The modest silver lining (if you’re a developer at heart, you are always searching for silver linings, modest or otherwise) in having only 1.5 percent of a deal is that profits must implode before you feel it—a $1 million construction cost overrun will only sting you for $15,000.
Like Einstein the NTM recognizes time as the fourth dimension. In the example above, you solved for space—your total compensation—but, fully applied, you also solve for time, your hourly rate. If someone told Bill Gates he merely needed to cross the street to pick up that $225,000 on the curb, he would probably do it in a flash, having an hourly rate approaching infinity. If, however, your prospective employer agreed that you could have the whole $1.5 million you first envisioned, but allowed as how it might take twenty years of cankerous neighborhood meetings (we had a project take that long), you might politely decline. After a score of public hearings lasting until midnight, your hourly rate would certainly feel far less than the minimum wage.
Time is your most important dimension. In considering your NTM, solve for your hourly rate. How long is this going to take? How much of my life must I devote to this project? And, in doing so, ponder the advice a sage contractor gave a homeowner about her proposed remodel: “It will cost twice as much and take three times as long as you initially believe.”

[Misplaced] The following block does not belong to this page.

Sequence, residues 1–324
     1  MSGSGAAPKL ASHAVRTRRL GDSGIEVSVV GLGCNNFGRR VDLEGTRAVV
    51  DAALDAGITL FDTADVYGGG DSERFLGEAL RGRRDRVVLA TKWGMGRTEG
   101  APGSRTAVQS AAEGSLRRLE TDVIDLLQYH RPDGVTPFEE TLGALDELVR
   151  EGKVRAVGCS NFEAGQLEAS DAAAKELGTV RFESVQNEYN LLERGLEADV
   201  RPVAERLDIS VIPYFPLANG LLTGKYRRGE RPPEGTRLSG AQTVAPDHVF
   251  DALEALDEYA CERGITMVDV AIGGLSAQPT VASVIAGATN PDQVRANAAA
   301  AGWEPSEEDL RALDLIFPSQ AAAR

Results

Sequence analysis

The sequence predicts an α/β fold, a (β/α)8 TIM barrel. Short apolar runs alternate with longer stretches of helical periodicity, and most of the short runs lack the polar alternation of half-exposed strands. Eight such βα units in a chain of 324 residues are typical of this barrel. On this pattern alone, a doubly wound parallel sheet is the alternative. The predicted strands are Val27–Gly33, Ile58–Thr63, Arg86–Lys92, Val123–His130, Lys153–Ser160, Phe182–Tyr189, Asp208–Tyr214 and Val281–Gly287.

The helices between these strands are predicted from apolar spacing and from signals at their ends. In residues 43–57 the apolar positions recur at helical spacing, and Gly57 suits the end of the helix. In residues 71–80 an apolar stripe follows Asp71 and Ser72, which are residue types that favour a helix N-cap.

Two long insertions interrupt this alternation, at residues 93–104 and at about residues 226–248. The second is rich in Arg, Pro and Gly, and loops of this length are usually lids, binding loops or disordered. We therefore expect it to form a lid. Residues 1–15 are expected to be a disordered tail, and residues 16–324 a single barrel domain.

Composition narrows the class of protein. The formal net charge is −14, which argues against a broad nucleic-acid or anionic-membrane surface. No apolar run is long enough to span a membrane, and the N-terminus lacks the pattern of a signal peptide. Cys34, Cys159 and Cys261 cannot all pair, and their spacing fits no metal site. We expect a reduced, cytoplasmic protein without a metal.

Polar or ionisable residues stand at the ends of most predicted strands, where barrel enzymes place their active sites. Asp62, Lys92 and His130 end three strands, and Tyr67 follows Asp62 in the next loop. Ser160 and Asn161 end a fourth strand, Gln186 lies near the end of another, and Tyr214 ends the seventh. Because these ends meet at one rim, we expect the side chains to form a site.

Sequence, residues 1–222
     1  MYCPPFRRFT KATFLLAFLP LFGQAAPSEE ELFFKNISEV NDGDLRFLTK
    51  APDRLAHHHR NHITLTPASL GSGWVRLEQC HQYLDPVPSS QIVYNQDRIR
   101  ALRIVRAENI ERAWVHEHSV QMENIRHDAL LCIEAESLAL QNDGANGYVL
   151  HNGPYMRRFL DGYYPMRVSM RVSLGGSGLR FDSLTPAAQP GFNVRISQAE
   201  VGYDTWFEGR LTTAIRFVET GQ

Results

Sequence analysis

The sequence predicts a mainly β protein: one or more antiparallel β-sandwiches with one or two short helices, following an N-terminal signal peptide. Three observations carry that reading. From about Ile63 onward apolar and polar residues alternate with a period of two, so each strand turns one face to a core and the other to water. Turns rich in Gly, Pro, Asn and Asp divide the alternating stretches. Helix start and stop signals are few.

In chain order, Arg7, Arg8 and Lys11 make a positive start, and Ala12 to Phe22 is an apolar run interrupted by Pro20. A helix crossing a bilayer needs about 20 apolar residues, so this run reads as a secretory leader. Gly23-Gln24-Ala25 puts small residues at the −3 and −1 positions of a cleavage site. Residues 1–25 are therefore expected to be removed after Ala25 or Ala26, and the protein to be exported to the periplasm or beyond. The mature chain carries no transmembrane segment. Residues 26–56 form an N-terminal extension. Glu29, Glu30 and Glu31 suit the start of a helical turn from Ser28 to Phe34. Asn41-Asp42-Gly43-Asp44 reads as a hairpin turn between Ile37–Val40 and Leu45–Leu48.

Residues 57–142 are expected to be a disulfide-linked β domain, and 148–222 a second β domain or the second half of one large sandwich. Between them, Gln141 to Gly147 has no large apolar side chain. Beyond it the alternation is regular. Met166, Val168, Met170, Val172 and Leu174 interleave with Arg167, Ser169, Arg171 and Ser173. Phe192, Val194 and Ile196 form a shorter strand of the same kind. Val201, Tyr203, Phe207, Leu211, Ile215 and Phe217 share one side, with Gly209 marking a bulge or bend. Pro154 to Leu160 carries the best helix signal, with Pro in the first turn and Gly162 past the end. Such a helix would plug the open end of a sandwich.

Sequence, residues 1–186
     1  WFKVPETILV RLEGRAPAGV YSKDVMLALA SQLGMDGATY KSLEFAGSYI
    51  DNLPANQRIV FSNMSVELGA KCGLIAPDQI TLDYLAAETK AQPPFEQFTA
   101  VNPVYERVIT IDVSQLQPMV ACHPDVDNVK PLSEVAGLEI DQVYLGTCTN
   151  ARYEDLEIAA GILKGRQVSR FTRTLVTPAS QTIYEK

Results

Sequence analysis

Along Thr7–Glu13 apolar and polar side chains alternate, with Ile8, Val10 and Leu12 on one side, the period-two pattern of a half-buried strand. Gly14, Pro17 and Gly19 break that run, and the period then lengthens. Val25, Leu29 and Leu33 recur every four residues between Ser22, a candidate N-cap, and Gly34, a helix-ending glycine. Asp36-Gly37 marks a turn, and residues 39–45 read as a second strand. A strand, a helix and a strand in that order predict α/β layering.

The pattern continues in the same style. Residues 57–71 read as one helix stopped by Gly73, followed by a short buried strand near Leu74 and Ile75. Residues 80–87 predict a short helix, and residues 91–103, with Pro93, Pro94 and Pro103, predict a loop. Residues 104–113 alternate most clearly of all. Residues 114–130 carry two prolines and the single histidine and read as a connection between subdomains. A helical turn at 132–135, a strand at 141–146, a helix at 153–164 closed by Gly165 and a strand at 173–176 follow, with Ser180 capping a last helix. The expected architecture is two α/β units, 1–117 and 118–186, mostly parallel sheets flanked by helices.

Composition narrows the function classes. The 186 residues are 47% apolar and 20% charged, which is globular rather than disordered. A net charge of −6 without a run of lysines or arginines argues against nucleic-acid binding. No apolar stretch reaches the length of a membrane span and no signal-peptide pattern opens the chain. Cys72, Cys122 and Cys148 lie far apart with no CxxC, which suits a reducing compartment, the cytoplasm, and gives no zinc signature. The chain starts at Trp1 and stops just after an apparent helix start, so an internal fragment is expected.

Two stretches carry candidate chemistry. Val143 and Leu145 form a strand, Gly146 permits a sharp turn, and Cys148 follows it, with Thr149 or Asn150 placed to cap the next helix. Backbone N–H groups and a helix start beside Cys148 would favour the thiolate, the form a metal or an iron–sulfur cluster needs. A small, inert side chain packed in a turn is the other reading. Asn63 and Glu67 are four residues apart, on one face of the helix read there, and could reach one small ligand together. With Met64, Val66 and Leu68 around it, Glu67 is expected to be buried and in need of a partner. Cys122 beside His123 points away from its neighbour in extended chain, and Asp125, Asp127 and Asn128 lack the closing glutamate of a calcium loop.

If a job offer is appealing to you, if a deal makes sense to you, if a tough listing is yours for taking, go for it, but determine your NTM first, know where your potential income caps out, have a feeling for your hourly rate and avoid the heartache and hard feelings that inevitably accompany unpleasant financial surprises.
A salaried employee knows his NTM like his drive home from work—he sees it every two weeks on his pay stub. An entrepreneur, on the other hand, someone who risks what little capital she has and a couple years of her life on a project should know what she can earn if the deal works out. She should be able to scribble on the back of a napkin what she stands to gain in one column and weigh it against another in which she lists what she’s giving up—her salary, her medical benefits, her job security and time with her family. Without a realistic understanding of her upside, her decision to become a developer could prove so flawed that she regrets it ever after.
Although this advice is self-evident—particularly if one is not stressing out over a job offer or a deal closing—I’m underscoring it heavily as my final point. Why? Because we have heard too many times from friends and acquaintances about how their career-launching projects were in the end bitter disappointments. Disappointments which, in our view, could have been anticipated from miles off—the profit share was suspect from the beginning—and which might have been avoided altogether by a judicious application of the NTM.
In sum, make sure the prize is worth the leap.
Best of luck.
John E. McNellis is a Principal at McNellis Partners in Palo Alto, Calif.